There are so many decisions to make from the get-go that starting a free play level can be overwhelming. Focus is necessary to build a good park. But one theme kept appearing over and over again: People needed food, they were thirsty, they thought the park was dirty, they needed to use the rest room, and they didn't care for the admission price. We spent so much time satisfying peoples' needs--or trying to--that the animals we'd managed to purchase and house were getting minimal care at best. The Zoo board had threatened to shut us down for lousy animal conditions over and over again, and the chimpanzees kept escaping while we were placing garbage cans around the environment. This is not a game criticism; this is a testament to the many levels of organization you must be able to manage to be successful with Zoo Tycoon. But then came a plan. If only we could anticipate the customers' needs up front, satisfy those before they ask, and then spend all of our time with animal and habitat construction, we'd be set.
We started round three of our large, $500,000-budget free play zoo with a food court, replete with all the rest rooms, hot dog stands, trash cans, and picnic tables a family of four could want. We loaded the entrance to this glutton's nest with gift shops and large, garish attractions such as elephant rides and carousels. Sparing no expense, every corner had a fountain or a duck pond, and we threw in an animal theater and petting zoo for good measure. We were totally prepared to meet the expectations of the crowd and subsequently focus on animal exhibits. Then the people started arriving, and while they found the admission price to be "a great bargain," the next sea of comments began, like finding the zoo "to be quite ugly." Here's to the game's AI; it looks like Blue Fang captured human nature to an exacting degree.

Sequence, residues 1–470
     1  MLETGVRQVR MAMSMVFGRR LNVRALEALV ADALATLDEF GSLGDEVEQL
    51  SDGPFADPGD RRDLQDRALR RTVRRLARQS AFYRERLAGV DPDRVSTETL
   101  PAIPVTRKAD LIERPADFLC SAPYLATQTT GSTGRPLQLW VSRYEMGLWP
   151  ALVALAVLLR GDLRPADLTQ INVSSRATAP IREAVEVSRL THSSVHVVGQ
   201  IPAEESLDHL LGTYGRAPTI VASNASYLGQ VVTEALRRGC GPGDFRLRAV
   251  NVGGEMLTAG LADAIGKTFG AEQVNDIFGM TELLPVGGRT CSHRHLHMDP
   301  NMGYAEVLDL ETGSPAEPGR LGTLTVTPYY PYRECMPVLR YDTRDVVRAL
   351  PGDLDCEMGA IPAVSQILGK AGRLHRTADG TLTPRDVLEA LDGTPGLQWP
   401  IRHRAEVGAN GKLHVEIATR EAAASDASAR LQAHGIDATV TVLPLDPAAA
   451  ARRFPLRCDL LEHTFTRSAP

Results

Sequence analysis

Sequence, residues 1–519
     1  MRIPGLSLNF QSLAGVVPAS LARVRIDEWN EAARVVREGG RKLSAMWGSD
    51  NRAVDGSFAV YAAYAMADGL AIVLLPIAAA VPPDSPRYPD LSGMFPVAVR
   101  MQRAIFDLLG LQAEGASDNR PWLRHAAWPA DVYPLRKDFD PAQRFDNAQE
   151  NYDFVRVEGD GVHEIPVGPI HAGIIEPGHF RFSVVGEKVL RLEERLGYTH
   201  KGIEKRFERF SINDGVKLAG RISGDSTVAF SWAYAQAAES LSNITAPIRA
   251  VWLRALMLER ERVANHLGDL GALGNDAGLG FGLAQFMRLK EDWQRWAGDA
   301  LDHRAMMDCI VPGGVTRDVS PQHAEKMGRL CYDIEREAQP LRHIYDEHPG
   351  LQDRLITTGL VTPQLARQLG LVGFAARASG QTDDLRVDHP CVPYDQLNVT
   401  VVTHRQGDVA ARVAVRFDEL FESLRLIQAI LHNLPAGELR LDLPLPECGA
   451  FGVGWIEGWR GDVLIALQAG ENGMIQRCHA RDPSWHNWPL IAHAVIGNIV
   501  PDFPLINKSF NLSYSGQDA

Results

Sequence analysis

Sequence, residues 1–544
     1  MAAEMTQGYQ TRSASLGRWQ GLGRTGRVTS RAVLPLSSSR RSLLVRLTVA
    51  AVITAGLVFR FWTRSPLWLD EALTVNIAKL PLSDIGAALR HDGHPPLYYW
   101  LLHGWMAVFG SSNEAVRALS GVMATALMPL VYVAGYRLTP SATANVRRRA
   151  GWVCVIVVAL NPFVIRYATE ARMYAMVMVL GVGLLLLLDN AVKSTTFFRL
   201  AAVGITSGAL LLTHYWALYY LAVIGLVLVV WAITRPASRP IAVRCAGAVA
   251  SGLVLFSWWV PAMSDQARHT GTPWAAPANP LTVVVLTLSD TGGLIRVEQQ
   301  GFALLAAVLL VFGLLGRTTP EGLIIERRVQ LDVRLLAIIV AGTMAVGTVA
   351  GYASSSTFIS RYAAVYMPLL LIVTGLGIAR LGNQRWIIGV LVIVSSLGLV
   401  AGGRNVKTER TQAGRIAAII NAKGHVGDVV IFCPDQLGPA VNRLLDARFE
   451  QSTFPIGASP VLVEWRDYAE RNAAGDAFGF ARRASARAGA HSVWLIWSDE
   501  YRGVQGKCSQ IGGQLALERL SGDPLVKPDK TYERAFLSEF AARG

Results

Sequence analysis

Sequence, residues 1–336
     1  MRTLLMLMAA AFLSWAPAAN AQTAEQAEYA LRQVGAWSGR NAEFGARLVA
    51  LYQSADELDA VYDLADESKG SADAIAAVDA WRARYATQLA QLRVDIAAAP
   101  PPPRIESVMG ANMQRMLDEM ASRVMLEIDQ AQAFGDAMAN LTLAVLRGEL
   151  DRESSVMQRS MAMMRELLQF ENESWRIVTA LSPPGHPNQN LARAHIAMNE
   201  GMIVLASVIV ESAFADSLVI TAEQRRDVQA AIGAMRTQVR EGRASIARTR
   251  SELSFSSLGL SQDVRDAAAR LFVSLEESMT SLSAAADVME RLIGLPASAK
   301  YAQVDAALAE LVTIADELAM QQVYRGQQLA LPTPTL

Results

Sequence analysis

Zoo Tycoon is shaping up to be a solid sim game, with terrific little touches that make all the difference in the world. It's great that you can allot a certain amount of money each month to marketing or that a fresh coat of paint on the hot dog stand may help sell more dogs. Tracking the sales and increasing the prices of items at each stand and vending station is a lifesaver, literally. Also, research and conservation projects such as a rock cave exhibit and the ever-popular insect house engage the theme--you just might learn something.
We experienced a bit of slowdown onscreen in free play mode. But it was an early build, and the screen loaded with well more than 100 people and about 20 buildings and five exhibits to boot. But the animal and human animations remained impressive. The cameras could sometimes be a little tough to maneuver, and some spaces between structures were hard to get to, but hopefully this will be ironed out in the final version.
All in all, Zoo Tycoon is very clever and brings all of the fun of Tycoon-style games to the animal kingdom, adding the new element of caring for living, breathing, and often unpredictable creatures. Zoo Tycoon is scheduled to ship this fall.